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General Election 2015 – Results Analysis

The National Health Action Party has taken 20,210 votes in 12 constituencies in the 2015 General Election. But what does that mean for the party, and how do they compare to other parties both currently and historically?

The Picture in England

The National Health Action Party was the 7th most popular party in England:

Party UK Candidates UK Votes Votes Per Candidate
Conservative  648  11,334,920 17,492
Labour  631  9,347,328 14,813
UKIP  624 3,881,129 6,219
Liberal Democrat 631  2,415,888 3,828
Green 573  1,157,613 2,020
TUSC  135 36,327 269
National Health Action  12         20,210  1,684
Respect Party  4         9,989 2,497
CISTA  32         8,419 263
Yorkshire First  14         6,811 487
English Democrats  32  6,531 204
Monster Raving Loony Party 16  3,898  243
Christian Peoples Alliance 17           3,260 191
British National Party 8           1,667 208

Historical Comparisons

The National Health Action Party has fared remarkably better than the Green Party and UKIP did in their first general elections. The party also gained a higher share of votes per candidate than the 1997 Referendum Party and the 2005 Veritas Party.

NHA
2015
UKIP
1992
Green
1974
Labour
1895
Candidates  12 17  6  28
Total Votes 20,210  4,383  4,576  44,325
Votes Per Candidate  1,684 258  763  1,583
% Vote in Contested Seats 3.27% 0.53% 1.67% x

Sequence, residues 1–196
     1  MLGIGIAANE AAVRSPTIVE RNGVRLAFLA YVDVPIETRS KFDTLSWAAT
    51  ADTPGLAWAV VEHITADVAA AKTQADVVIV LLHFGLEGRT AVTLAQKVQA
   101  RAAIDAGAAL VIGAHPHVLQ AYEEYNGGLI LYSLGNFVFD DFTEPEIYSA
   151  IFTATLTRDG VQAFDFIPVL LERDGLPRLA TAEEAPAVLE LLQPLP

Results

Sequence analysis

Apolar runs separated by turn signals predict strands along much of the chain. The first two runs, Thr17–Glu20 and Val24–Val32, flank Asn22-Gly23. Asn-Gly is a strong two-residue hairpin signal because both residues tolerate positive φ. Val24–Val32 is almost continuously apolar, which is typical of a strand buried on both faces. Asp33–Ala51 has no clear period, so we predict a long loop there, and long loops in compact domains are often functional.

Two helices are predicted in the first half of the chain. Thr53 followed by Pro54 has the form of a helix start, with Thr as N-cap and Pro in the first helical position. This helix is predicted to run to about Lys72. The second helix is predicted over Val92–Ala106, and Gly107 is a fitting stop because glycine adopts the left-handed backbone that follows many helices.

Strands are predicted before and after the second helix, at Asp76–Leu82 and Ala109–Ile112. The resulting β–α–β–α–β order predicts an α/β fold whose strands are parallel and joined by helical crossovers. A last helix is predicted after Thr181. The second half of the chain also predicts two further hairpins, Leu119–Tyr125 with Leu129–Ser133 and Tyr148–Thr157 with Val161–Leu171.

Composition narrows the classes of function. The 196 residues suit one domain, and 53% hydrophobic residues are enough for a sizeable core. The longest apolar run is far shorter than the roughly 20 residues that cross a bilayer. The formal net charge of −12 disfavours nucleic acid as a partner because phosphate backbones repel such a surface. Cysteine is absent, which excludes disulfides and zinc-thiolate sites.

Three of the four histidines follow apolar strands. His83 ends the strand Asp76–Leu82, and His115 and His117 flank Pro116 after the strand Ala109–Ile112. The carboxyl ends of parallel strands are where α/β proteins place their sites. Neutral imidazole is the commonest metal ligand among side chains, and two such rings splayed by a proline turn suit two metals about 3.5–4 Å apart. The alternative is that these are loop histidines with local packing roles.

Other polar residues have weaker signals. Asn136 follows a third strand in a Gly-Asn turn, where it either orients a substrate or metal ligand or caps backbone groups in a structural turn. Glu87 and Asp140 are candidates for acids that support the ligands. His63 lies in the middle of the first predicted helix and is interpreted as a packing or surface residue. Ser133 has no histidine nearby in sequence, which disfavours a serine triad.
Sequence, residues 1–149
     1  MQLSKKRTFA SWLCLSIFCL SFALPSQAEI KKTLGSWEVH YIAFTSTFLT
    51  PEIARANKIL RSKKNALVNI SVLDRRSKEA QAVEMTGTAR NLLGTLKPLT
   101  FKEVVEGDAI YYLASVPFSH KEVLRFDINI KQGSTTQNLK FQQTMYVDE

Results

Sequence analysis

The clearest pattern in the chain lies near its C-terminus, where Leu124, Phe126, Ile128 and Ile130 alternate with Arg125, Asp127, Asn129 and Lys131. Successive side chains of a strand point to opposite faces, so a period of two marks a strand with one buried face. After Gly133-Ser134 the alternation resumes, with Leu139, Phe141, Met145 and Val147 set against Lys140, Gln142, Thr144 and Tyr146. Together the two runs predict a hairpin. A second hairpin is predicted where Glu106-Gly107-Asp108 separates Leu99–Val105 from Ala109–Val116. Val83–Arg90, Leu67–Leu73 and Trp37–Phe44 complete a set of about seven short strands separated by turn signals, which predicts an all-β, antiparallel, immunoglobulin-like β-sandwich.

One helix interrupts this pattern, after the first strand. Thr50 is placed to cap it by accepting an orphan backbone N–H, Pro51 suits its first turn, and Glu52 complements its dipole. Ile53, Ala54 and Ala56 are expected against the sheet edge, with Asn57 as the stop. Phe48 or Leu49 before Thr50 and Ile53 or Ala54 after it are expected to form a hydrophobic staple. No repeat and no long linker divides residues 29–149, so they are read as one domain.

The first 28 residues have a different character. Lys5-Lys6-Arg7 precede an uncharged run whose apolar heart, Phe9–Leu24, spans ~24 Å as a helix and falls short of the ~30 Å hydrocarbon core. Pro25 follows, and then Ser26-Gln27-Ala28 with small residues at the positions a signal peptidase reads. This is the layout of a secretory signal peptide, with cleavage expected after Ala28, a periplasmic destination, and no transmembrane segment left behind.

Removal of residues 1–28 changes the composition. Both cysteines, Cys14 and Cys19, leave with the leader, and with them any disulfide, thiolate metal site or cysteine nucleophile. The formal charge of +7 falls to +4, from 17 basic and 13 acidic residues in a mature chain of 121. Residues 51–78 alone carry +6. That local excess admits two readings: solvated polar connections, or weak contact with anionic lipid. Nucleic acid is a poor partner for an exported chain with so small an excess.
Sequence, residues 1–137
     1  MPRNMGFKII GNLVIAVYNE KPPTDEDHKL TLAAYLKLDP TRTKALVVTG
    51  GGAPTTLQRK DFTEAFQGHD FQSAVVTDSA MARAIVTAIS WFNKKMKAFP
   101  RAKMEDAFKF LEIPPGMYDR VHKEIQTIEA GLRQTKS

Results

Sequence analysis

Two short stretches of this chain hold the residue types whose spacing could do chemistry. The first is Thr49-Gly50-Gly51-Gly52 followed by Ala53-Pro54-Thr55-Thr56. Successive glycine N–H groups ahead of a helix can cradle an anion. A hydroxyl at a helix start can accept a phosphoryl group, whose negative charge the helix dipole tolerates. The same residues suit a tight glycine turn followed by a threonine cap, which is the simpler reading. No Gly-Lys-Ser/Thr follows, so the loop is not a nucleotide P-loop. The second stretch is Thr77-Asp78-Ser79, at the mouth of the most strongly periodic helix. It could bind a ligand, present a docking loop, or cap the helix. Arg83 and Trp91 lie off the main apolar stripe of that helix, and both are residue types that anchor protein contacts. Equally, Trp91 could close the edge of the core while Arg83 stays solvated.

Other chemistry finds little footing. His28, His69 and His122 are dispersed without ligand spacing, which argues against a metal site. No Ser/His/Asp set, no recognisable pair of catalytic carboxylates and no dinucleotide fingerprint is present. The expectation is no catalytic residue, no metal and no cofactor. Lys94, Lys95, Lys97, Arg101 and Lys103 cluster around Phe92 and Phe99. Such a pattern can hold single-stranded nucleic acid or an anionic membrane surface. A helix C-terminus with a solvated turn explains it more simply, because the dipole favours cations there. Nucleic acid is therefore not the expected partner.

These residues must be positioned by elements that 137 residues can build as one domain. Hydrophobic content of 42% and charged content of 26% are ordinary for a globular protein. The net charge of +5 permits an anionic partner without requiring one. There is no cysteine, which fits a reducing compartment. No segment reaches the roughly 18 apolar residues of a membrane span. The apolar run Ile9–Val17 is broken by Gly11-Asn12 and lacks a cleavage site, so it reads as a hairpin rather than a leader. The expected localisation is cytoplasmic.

Seats Won  0 0 0  0
Deposits Saved  16% 0 0  x
NHA
2015
Veritas
2005
Referendum
1997
Candidates  12 65  547
Total Votes 20,210  40,607 810,860
Votes Per Candidate  1,684  624 1,482
% Vote in Contested Seats 3.27%  1.5% 3.1%
Seats Won  0   0  0
Deposits Saved  16%    2%   7%

NHA’s Future

Despite an overall win for the Conservatives, the incoming government has a much smaller majority than the 363 seats won by the Coalition parties in 2010. While NHS cuts and austerity will continue, the Conservative government responsible will surely be in a weaker position. There will be a need for an ongoing popular movement against the Conservative government, to protect the NHS from cuts and privatisation.

Poor Labour and Liberal Democrat results suggest they are failing to gain traction with the public, and neither party is offering to fight for sufficient NHS funding or renationalisation. The Green Party has amiable NHS policies, and we can hope that the SNP will act in a progressive manner.

However, it falls to the NHA to be the most outspoken, the most knowledgeable, and the most passionate party in the fight for the NHS.

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